I read an insertion about the word nature φύσις ; I want to signal the corresponding voice in the INDEX ARISTOTELICUS aut.Hermann Bonitz , ed. Walter de Gruyter. This voice begins at page 835 and ends at page 839, it has three main groups of meanigs, of which the first is short, the second has nine subdivisions and the third six. So, I think, that of nature is a rather complex meaning, first of all one must refer to Aristotle and to read and understand this philosopher the above mentioned work , by dott. H. Bonitz, is extremely useful.
George is right: we must go before Aristotle... If we wish to deal with PHYSIS in the sense of NATURE (or related meanings), we must fo to the very beginning of philosophy: Anaximander of Miletus.
He is the dividing line between the age of myth and the age of reason. For the age of myth, one need to read only the Iliad or the Bible, for the stories in these book are accounts of the causes of the world, wordly things and events, and the happenings caused unto humans. All the way to and including the sage Thales, people believed that "the world is full of gods." And what are gods? Ultimately and before anthropomorphisms, the gods were operating overpowers that are immortal. (The gods were as evident as the thundering sky, the stormy sea, the erupting volcanos, etc. etc. These powers were the gods by these or any other names.)
What Anaximander did and all philosophers have done is well expressed in the words of the Renaissance Telesio: they are speakers of reality "iuxta propria principia:" according to its own principles... rather than outside agents or overpowers. Fundamentaly, philosophy is aetiology (aitiologia).
Only a few fragments remain of Anaximander's "Peri Physeos." His subject is precisely PHYSIS -- the process of arising, emerging, or growing [like the rosy fingered dawn], that is, beginning to emerge and increase in its being. But, in thinking of HOW anything is born [comes into being], his mind is directed also to the end of things. So, in an isolated quoatation by others, he says, It is only just that what is born should die (or what emerges should perish)... according to Necessity [Moira}." He does not know yet HOW anything comes into being or perishes, but sees the justice of what happens, according to the ancient intuition of Moira.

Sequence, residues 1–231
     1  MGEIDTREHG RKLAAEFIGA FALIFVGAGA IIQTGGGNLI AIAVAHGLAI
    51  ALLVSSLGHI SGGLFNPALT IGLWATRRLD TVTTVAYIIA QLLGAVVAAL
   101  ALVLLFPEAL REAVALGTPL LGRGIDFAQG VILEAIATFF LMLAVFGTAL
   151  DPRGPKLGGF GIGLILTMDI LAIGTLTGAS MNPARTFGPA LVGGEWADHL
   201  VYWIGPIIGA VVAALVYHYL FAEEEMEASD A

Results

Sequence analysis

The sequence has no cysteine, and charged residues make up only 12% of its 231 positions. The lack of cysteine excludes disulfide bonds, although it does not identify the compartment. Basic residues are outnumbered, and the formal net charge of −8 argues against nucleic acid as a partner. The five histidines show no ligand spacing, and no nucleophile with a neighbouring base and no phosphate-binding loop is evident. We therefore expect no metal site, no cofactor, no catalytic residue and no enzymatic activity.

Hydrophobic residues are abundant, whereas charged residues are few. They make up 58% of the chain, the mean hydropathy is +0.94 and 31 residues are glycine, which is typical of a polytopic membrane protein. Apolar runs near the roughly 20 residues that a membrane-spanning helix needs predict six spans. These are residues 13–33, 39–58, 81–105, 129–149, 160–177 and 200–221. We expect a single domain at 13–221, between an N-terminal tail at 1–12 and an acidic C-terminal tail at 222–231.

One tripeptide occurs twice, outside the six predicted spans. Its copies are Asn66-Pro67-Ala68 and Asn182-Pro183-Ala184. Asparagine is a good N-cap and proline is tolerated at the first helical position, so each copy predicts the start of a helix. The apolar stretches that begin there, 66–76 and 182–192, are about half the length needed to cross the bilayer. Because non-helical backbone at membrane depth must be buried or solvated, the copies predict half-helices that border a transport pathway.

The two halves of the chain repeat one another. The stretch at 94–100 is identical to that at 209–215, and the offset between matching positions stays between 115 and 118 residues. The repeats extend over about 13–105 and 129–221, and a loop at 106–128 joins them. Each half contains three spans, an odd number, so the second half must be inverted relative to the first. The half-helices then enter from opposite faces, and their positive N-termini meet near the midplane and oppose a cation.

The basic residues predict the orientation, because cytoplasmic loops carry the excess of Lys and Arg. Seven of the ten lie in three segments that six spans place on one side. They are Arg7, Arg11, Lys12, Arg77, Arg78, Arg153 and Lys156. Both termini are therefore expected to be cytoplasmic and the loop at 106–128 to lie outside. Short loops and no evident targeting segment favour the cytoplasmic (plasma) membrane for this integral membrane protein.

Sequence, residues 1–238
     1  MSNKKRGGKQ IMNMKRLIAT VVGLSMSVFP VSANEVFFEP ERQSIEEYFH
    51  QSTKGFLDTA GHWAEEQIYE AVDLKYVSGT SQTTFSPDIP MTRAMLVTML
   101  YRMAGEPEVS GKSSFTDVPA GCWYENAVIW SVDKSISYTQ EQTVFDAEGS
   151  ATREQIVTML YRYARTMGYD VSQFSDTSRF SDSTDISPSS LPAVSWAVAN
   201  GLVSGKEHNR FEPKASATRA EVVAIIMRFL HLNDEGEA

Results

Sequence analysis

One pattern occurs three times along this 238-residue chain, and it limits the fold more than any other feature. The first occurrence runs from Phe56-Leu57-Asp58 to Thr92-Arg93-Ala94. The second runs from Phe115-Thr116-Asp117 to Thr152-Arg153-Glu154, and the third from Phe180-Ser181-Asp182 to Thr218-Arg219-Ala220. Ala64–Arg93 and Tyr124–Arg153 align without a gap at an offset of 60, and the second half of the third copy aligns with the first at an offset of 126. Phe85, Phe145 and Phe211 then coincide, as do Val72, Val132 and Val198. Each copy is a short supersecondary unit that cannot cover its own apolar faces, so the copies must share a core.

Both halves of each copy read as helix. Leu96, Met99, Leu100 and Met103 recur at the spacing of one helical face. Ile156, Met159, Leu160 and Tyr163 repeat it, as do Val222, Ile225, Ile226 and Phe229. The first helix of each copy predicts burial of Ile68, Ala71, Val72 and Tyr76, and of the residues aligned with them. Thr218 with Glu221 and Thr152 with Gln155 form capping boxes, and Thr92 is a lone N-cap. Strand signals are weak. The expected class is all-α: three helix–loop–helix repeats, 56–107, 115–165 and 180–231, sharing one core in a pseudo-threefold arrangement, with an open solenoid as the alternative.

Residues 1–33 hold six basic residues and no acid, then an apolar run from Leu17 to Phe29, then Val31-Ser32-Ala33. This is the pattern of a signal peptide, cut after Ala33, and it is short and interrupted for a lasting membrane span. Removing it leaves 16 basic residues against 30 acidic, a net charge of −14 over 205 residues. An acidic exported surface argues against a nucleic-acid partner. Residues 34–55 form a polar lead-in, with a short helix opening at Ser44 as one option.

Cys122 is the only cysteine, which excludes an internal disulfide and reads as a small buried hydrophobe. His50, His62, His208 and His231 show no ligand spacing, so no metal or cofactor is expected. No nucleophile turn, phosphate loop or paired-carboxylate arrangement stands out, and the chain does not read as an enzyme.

Since our topic is not Physics (the physics of the pre-Socratics, of Aristotle, etc.), I will say ony a few more words about "physis," as to how it was translated into Latin. They employed the verb "to be born" (nascor) and coined a strange word, NATURA, like "nat--urum" in the plural: the things that are about to be born (or the things which are in the process of being born). So, Anaximander's title would be translated as "De Natura." Anyway, the concept of process was soon lost, because "natura" came to designate either the world of born things [the actualized physical world], or the character (eidos; essence) of something. I understand that "physis" was also used in Greek to designate the character (essence) of this or that being.
"Physis" is from the verb "phyO" [= I grow, etc.], but Latin has the corresponding verb "fio" (I become, change into, etc.) Undoubtedly, the Greek etym, "phy" took on the value of either FI (as in fio), or of FU (as in fulmen). Fulmen (= lightning, lightning-flash) = fu + lumen, namely a light which appears and quickly disappears. In other words, FU or PHY names appearing and disappearing, being born and dying, emerging and perishing, and that is precisely what Axamimander was dealing with on a cosmic scale. (The Romans could have made a different strange translation of physis as fuentia, even though this word still lacks the process-expressivenes of the "-sis" of physis. "Facturia" would have been a horrible word and, anyway, would have soon implied that which is already made, rather than what is in the making, "in fieri." The Flux of Herclitus is "That Which Is In Fieri," "The Becoming.")